Over the years, many doom merchants have offered theories why the UK has not faired well at Eurovision in recent years. But now there’s a new theory. The UK’s Eurovision 1971 singer Clodagh Rodgers claims the UK won’t pick up votes due to Brexit and “the hoo-ha with the vaccine“.
Speaking to UK tabloid The Daily Mirror, Rodgers said she expects the UK to get nil points from other countries at Eurovision due to feelings around Brexit and the recent issue with vaccine supply. Rodgers told the newspaper, “We’ll never win it again. Not after Brexit and the hoo-ha with the vaccine.”
Her doom-laden attitude continued with the “Jack in the Box” singer claiming, “They really hate us in Europe now. We won’t even get a point. I really don’t know why we do it any more. The UK competing in Eurovision is a waste of time.”
The UK left the European Union on 31 January 2020. In January this year, an issue emerged when supplies of the AstraZeneca Covid-19 vaccine were delayed in favour of shipments to the UK. The issue has since been resolved and vaccination programmes continue across the UK and Europe.
Clodagh Rodgers at Eurovision 1971
Clodagh Rodgers has herself experienced a situation where a real-life political situation impacted Eurovision. The Northern Irish singer was internally selected by the BBC to represent the UK at Eurovision 1971, hosted in Dublin, Ireland.
At the time, Ireland and the UK were embroiled in a period of conflict known as the Troubles, which included terror attacks and assassinations. The BBC chose the Northern Irish singer as a gesture of goodwill towards Ireland.
That year, Clodagh Rodgers song “Jack in the Box” finished fourth and received points from Ireland.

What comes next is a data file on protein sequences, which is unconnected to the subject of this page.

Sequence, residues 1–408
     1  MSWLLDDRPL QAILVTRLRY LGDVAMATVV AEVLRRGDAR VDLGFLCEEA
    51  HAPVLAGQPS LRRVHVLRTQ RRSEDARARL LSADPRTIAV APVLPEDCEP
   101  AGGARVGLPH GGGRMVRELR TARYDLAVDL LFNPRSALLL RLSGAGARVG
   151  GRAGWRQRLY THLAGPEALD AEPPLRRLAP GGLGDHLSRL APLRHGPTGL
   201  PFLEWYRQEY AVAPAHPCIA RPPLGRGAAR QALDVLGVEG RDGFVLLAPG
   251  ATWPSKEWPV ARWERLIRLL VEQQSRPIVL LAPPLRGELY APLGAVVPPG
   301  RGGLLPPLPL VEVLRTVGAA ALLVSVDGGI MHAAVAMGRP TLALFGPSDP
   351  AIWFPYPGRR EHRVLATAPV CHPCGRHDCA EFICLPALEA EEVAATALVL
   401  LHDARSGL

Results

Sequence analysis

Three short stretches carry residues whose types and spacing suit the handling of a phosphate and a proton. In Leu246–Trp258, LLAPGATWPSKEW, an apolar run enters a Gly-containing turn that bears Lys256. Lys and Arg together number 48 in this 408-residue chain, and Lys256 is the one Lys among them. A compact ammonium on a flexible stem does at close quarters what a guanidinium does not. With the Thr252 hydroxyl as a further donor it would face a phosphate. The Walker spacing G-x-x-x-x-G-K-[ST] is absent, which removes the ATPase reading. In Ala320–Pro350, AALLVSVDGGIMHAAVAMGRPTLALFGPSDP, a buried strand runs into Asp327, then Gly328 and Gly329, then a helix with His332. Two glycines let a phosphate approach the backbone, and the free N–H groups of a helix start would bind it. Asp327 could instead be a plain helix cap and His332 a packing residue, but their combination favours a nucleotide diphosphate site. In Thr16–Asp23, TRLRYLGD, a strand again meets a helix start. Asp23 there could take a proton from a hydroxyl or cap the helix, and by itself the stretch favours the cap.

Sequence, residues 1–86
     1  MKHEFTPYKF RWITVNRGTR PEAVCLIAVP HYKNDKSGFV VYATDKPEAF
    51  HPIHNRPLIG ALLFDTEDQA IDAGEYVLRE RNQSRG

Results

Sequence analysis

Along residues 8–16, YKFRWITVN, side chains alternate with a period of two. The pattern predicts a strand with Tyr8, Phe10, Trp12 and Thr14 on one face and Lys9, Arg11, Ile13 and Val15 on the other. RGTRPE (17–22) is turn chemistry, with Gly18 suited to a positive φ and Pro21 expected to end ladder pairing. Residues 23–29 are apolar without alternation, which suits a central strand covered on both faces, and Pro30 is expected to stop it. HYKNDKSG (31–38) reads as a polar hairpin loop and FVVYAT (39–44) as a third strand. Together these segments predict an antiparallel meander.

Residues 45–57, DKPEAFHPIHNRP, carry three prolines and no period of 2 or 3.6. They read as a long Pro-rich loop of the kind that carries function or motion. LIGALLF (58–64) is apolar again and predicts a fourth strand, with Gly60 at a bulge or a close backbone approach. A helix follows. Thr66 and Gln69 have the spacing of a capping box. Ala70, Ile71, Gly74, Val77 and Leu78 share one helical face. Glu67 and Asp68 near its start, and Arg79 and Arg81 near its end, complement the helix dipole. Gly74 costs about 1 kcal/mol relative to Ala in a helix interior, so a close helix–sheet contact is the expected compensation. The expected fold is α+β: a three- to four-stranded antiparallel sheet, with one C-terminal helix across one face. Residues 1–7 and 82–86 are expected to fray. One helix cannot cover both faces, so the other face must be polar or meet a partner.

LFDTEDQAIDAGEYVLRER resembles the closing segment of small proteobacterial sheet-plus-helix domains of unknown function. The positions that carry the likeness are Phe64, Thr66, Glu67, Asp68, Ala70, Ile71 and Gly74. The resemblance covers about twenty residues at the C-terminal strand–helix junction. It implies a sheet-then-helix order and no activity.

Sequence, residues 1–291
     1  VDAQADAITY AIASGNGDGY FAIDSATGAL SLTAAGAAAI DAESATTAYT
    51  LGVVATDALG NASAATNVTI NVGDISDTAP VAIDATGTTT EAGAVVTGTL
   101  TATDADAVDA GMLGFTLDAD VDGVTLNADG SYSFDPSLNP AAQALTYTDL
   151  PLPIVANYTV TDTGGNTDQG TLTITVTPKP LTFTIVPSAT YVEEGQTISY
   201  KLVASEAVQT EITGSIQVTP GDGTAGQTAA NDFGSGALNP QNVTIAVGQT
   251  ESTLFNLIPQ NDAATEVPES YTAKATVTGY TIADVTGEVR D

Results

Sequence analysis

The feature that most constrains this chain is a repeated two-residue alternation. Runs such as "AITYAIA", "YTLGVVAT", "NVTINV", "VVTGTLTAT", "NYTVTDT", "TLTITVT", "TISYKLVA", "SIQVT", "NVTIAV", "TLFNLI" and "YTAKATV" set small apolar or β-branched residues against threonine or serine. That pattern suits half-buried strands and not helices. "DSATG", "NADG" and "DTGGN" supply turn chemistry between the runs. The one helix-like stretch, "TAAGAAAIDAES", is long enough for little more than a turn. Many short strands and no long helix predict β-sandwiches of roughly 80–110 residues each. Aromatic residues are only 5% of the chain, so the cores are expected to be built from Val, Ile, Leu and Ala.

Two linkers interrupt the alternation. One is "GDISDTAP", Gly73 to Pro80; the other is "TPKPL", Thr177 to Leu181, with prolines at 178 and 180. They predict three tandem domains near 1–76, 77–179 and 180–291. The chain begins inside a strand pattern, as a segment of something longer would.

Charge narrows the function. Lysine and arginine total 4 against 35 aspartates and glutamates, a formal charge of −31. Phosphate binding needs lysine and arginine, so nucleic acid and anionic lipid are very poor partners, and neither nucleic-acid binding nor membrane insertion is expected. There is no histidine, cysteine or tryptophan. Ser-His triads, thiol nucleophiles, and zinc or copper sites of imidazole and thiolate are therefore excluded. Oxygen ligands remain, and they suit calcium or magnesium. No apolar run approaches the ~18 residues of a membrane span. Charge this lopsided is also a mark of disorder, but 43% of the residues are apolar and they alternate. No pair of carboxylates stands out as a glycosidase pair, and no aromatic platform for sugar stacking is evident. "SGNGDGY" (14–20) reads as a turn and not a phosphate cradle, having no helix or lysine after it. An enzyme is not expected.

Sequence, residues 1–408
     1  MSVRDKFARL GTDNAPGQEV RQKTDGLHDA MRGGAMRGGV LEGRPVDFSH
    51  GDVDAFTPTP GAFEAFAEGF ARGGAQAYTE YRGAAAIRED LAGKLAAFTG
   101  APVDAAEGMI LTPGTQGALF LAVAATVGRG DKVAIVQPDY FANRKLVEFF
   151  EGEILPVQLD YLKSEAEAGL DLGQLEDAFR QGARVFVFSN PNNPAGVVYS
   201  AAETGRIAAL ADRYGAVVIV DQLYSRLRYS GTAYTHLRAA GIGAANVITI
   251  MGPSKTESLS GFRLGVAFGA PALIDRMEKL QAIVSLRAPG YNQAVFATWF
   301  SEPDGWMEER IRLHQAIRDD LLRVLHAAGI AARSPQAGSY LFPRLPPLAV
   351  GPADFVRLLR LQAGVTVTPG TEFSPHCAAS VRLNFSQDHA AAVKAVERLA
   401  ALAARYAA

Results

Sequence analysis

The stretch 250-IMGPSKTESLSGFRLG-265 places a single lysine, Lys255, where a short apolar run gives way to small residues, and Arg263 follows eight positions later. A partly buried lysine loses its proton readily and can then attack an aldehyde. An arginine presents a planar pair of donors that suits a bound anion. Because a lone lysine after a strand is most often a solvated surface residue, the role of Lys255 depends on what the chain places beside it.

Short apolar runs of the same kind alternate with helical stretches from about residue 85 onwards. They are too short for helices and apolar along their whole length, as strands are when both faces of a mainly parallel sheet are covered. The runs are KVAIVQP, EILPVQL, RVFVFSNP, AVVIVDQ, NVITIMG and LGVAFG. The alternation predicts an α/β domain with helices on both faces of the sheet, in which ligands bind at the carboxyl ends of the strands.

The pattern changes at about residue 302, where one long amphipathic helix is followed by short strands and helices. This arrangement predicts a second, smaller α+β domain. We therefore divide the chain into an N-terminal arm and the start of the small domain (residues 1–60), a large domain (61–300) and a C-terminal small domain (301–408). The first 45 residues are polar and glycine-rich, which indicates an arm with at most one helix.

Does Europe really hate the UK at Eurovision?
In the past decade, all countries competing in this year’s contest have previously given the UK points at least once. Meaning that the British act has impressed televotes or juries enough that it’s made it into their top ten favourite songs.
As well, there are substantial British migrant communities in Ireland, Malta, Spain and Australia who are always more than willing to vote for their home country’s entry. This ensures that a UK nil points situation — experienced for the first and only time by Jemini after a disastrously out-of-tune performance at Eurovision 2003 — is unlikely to be repeated anytime soon.
And regardless of success in Europe, the UK’s Eurovision entries of recent years have tended not to even be local hits. The best chart results of the past decade was in 2011, when Blue‘s “I Can” reached No.16 in the UK singles chart.
Meanwhile, Eurovision 2019 winner Duncan Laurence is currently sitting at No.31 in the UK singles chart, enjoying a total of nine weeks in the chart.
James Newman is due to represent the UK this year with a song due to be released in coming days. Newman is well supported by UK fans.
What do you think? Are vaccines to blame for the UK’s poor performance at Eurovision? Or do Europeans have better things to worry about and are really only interested if the song is good? Tell us your thoughts below.